• Painful sex due to changes within the genitals, if you have a vagina

Your doctor may be able to diagnose GVHD from your symptoms alone.

It’s also possible to make a chronic GVHD diagnosis from telltale signs during an exam. Sometimes, skin lesions, mouth sores, dry eyes, or genital changes might look like chronic GVHD, but you’ll need tests to confirm it.  

Chronic GVHD may be mild, moderate, or severe, based on how many organs are involved and how seriously. One national study found that 53% of people get moderate GVHD, 19% mild, and 28% severe.

GVHD is a complicated condition. Arm yourself with as much information as you can. To start, ask your doctor for answers to these questions:

  • Do I need a team of specialists to monitor the different organs involved?
  • How often do I need follow-up visits?
  • How long does the type of GVHD I have tend to last?
  • Am I a candidate for a clinical trial for cutting-edge medication?
  • What new or worsening symptoms should I report to you?
  • What can I do on my own to improve my quality of life?

Treatment is tailored to your symptoms and how severe they are. It may take a team of experts.  

If your GVHD is mild, your doctor may just keep an eye on you. If only your skin is involved, they might have you apply a steroid ointment. If you have chronic GVHD of your eyes, you may use special eyedrops. If you have more severe or widespread symptoms, you’ll likely need medication to calm your immune system and ease inflammation. There are many classes of drugs that your team can prescribe.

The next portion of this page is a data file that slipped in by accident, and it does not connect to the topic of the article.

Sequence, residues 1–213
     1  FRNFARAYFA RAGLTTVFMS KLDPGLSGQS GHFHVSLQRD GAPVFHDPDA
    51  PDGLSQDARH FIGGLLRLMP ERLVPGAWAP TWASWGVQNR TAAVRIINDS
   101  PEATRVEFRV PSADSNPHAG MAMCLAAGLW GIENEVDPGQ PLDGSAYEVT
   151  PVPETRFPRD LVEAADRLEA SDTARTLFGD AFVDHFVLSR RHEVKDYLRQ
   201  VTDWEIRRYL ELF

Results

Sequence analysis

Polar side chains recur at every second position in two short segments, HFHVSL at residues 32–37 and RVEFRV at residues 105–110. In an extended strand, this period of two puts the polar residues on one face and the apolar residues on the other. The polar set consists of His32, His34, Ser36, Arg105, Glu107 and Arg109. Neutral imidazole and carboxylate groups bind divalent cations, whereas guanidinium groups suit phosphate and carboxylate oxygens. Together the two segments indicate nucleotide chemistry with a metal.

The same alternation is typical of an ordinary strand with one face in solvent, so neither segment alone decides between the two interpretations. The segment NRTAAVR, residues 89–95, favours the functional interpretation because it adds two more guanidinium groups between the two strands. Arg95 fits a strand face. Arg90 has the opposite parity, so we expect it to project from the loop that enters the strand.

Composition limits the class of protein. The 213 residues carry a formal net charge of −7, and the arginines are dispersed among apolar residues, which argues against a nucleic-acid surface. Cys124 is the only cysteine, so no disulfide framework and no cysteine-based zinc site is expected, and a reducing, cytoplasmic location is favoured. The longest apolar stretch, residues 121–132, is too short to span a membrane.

Immunosuppressants are medications that neutralize your immune system. Drugs from this group are typically the first-line GVHD treatment:

  • Corticosteroids are usually the first of these drugs given. For acute GVHD, your doctor may put you on methylprednisolone through an IV for 2 weeks. For chronic GVHD, you might take prednisone in pill form for weeks or months. The goal is to taper off these drugs as soon as possible.

You may take other immunosuppressants, often at the same time. Taking one of these along with a corticosteroid may improve results:

Other drugs in this class are: